Rice has started heading a bit more obviously in the Midsouth, while much of the rice in southwest Louisiana is headed now.


Armyworms are on the move in parts of the Delta and treatments have been going out.


Dry, hot weather continues to complicate rice water management in the Midsouth. In places, it’s taking a couple of weeks or even longer to pump up a flood. Growers have been pulling back on soybean and corn irrigation to keep enough water flowing to the rice.


Grass has become a fact of life through parts of the Midsouth this year, our contacts continue to note. The weather worked against herbicide programs and some consultants and farmers have pulled back from additional treatments. See comments by Jarrod Hardke.


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Scott Gifford, Gifford Crop Consulting, Manila, Arkansas:

“This is the grassiest rice crop I’ve ever seen. We have it everywhere – and by ‘we,’ I mean it’s like that on most every farm. We’re all comparing notes and everyone has pretty much concluded the same thing.


“All that rain early in the season was good for many things but not for herbicide programs. In early rice, plenty of rain tends to equal heavy grass pressure later, and that’s how things turned out this year. Everyone faced periods when they couldn’t spray when needed, so they fell behind on schedules and grass slipped through. Also, spraying by air was limited because of surrounding crops.


“Even in fields where treatments went out on time or nearly on time, grass still blew out the top. This is a season I won’t forget and just as soon never repeat.


“Rains last week were maybe a bit more widespread but totals still varied from zero to 3 inches. My growers are juggling their well time among rice, soybeans and corn even before we start irrigating any cotton. Overall, they’re doing a good job managing water, but it can be tricky. If you’ve got to shift pumping from rice to corn, you’d better do it fast and then start pumping on rice again to keep that crop pumped up.”


M.O. Way, Texas A&M Entomologist, Beaumont:

“Rice stink bug populations are heavy on the Lissie Prairie and in Matagorda County but not so bad in other regions. I’ve observed Virginia buttonweed in a field in Chambers County. This was a heavy population, and I’m not sure if the flood will take care of it. This is relatively late rice, and the farmer was just going to flood.


“We’re seeing fairly widespread populations of chinch bugs east of Houston, with reduced stands in some cases. It has been hot, so rice is growing and developing fast. In fact, some farmers are not far from main crop harvest. Loyant injury is becoming less noticeable, but it’s still there.”


Gus Lorenz, Arkansas Extension IPM Specialist:

“We’re getting calls about fall armyworms moving into late-planted rice. With the weather we had early in the year, they couldn’t overwinter here, so what we’re seeing now have moved in from someplace to the south. Scout those fields closely.”


Andy Tonos, Delta Ag Consulting, Greenville, Mississippi:

“Most of my rice has the flag leaf out – either fully or partially emerged. Our oldest rice is receiving a fungicide now. That’s in rice at mid to late boot. By the end of this week, I’m expecting to find several heads in our very oldest rice. We also have 40 acres of hybrid that’s not up yet. It was planted after the grower moved dirt.”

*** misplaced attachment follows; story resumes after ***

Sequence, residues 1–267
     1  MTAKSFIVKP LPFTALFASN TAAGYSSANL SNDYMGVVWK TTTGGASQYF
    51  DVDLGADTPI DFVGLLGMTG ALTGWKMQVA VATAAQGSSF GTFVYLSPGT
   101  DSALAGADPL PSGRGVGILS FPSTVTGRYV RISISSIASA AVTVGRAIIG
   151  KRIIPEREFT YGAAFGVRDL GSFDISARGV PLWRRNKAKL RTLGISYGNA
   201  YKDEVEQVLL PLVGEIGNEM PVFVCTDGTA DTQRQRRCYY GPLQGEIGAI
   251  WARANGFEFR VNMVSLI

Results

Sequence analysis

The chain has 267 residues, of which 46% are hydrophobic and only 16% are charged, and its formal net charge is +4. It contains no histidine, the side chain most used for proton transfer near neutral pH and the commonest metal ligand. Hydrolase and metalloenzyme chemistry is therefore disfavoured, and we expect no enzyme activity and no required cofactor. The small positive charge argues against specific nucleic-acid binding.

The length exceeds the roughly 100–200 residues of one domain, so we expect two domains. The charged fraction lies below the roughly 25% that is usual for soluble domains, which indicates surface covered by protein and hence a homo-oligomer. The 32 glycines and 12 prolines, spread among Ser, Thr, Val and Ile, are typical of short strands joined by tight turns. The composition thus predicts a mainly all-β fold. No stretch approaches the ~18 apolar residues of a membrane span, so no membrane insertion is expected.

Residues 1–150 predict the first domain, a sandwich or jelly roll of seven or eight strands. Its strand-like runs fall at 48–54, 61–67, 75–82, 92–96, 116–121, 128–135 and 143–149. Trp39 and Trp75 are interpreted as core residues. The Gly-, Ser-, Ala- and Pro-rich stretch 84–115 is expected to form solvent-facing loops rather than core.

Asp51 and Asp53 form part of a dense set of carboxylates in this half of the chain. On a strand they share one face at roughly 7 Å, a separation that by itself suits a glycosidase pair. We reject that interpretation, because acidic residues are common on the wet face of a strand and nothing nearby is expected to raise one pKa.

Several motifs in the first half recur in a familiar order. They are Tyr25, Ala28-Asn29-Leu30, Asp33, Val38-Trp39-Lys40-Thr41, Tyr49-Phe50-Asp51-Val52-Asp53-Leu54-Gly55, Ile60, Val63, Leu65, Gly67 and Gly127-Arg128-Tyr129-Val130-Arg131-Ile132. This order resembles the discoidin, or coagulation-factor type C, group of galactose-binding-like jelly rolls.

Ashley Peters, Peters Crop Consulting, Crowville, Louisiana:

“Our rice is 100% flooded now (6/25). No fungicide has gone out yet. We’re just starting to see a little sheath blight here and there. We are spraying some armyworms in rice that’s just gone to flood. Herbicides are going out in places.”


Jarrod T. Hardke, Arkansas Extension Rice Specialist:

“We badly need rain. It’s hot and dry and water management is our greatest struggle this week. For plenty of growers, it’s difficult to gain a flood or maintain any kind of depth. Some fields were fertilized 2 weeks ago and still may not have water across them.


“These conditions are tied in with the scattered leaf blast reports that keep coming in. So far, these have been in blast-prone fields with tree lines, so dew hangs on leaves longer. Some people also rolled the dice and planted a susceptible variety. On top of all that, these will be fields where there’s trouble holding a flood in a normal year, much less in a summer like we’re into now.


“Nothing is burning down with blast. We’ve had some breezy weather lately, and that could help mitigate blast potential. But things may be teetering in places and it might only take a slight change to tip the outcome in a positive or negative direction. So, we need to be looking for blast as we move towards heading.


“Some fields have just started heading, based on photos people are sharing and sending to me. Once heading begins, it can go very fast. Over the next 2 weeks (from 6/28), about half this crop should be moving into heading.


“Surprisingly, sheath blight has blown out on a few fields. These seem to be isolated situations but sheath blight was pretty severe in a couple of cases. I suspect these are fields with high amounts of nitrogen and thick planting in places, plus it’s hot and humid. At the least, this is a call to action for active disease scouting.


“Regarding grass, we have plenty of it and it’s time to accept that fact and give up on these revenge herbicide applications. You can spend a large amount of money trying to clean up the crop but end up with a negative economic return. At some point you’ve got to say, ‘Hey, enough is enough’. Is it worth another $60 an acre to deal with some of these large grass escapes?